Parang All Day All Night
By N Oji Mzilikazi
Originally published in the Montreal Community Contact Volume 22, Number 24
December 20, 2012
The creeping assault on Christmas in the very nations that once professed to be Christian, and which have several Christian holidays as public/national holidays, is changing the spirit of what was once christened, “The most wonderful time of the year.”
In affirming the separation of the church and state, a pluralistic democracy, and in pandering to religious diversity, fear of offending members of other religions, as well as the militancy of adherents to other religious beliefs and atheists, Christmas expressions in public spaces are being curtailed, and Christ is increasingly being taken out of Christmas.
“Cause when dey come here looking for rum, wine and whiskey All dey getting from me is some bitter mauby And when dey come here for ting to eat make no mistake all dey getting is a hard piece of dry bake cause it have no Christmas this year by me it eh have no parang, no lime, sorry” - The Grinch - Myron B
Commercialisation has long taken the original religiousness of Christ, and Christian devotion out of Christmas, much to the chagrin of true-believers, die-hard Christians. (I can vividly remember my father commenting that Christmas has two “S” and they both stand for $ signs, and that was when I was yea high, and donkey years ago.) Still, there is perceived offence in the capitalism driven merriment of Christmas because it contains “Christ.”
Political correctness has resulted in the “Christmas Tree” relabelled “Holiday Tree,” employers refraining from having Christmas decorations displayed in offices and/or disallowing it. Department stores and businesses that serve the public expressly forbidding their employees to greet, wish, or say “Merry Christmas” to customers.
Employees must use the non-offensive, the generic “Happy Holidays.”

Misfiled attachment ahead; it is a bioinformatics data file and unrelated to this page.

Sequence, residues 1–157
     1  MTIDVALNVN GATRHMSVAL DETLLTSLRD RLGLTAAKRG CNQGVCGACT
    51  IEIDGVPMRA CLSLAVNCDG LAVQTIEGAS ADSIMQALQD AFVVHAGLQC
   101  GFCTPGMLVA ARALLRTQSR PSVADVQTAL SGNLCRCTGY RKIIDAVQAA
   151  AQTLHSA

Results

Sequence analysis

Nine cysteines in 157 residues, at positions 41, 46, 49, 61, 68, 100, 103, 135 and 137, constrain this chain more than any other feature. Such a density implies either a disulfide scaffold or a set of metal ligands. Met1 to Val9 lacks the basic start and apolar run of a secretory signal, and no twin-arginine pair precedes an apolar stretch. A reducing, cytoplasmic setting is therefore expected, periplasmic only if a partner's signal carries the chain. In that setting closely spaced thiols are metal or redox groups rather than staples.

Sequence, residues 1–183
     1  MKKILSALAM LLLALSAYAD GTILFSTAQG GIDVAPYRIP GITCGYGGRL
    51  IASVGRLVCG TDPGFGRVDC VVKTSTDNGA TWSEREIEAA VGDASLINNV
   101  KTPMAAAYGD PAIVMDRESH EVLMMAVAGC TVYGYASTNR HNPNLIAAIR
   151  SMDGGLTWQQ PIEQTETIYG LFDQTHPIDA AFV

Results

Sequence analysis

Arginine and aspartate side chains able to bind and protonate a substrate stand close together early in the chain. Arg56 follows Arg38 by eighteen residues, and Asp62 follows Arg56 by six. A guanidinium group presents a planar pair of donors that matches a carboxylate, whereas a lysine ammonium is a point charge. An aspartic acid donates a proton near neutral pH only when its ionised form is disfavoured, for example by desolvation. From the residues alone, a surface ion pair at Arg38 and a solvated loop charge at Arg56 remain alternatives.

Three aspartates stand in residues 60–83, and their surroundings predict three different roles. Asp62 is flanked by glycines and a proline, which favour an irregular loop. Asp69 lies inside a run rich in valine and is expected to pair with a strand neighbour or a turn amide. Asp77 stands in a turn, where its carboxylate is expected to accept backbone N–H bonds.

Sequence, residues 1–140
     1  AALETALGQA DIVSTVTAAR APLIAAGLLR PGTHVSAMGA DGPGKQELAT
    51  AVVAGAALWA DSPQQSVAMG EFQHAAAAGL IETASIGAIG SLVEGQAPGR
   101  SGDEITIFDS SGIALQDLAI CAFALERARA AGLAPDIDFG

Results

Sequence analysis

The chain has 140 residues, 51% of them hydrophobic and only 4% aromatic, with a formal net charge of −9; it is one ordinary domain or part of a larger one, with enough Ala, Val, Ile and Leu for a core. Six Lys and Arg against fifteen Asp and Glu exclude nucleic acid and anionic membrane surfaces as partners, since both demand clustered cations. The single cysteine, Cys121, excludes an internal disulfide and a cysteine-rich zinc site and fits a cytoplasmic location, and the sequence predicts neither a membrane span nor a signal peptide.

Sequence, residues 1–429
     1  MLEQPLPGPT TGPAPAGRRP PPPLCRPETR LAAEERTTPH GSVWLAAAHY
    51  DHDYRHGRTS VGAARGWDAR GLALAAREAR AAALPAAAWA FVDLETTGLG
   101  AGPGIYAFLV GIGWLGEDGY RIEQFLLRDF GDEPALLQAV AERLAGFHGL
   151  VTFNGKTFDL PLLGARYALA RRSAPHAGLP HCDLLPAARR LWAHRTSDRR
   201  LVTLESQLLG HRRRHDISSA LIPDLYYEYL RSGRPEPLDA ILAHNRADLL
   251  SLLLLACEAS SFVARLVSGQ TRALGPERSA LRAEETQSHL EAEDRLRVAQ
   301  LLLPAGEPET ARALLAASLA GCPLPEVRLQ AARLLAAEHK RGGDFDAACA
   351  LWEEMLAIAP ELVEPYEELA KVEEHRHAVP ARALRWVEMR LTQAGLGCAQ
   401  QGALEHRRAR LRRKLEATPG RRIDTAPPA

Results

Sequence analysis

“Happy Holidays” and “Season Greetings” are being pushed, elevated, enthroned, to trump the traditional, and specificity of “Merry Christmas.”
Even companies that make Christmas Cards have reduced their output of religious themes, religious messages, Christian iconography, and those that say “Merry Christmas.”
“Christmas Bells are ringing, everybody singing church bells are dangling, young couples romancing my lover from Trinidad sent me a little post card I open it and read and this is what the little post card said have a Merry Christmas my dear and have a Happy New Year prosperous in everything you do Happy Holiday to you” - Post Card (1958) - Unknown artiste
Some schools have banned Nativity plays and/or change lyrics in certain Christmas songs for their Christmas Holiday pageant.
A few years ago, a Jewish girl attending a Catholic School in the USA made a stink about having to sing Christmas Carols. I guess transferring to a Jewish school was out of the question. And, ironically, some of the best known/popular Christmas songs were written by Jews.
“Ah only sing one verse, de crowd start to bawl sing Ally sing, doh stop at all Caribbean parandero, we joyful, we glad when you singing parang, we must behave bad the parang on fire - in Lopinot the parang on fire - come leh we go” - Parang On Fire - Alison Hinds & De’ Illist
Crèches with Mary, Joseph, and baby Jesus in a manger have been removed from state property and/or prohibited. And where there was compromise, traditional statues of Mary and Joseph are replaced by Santa Claus and Mrs. Claus.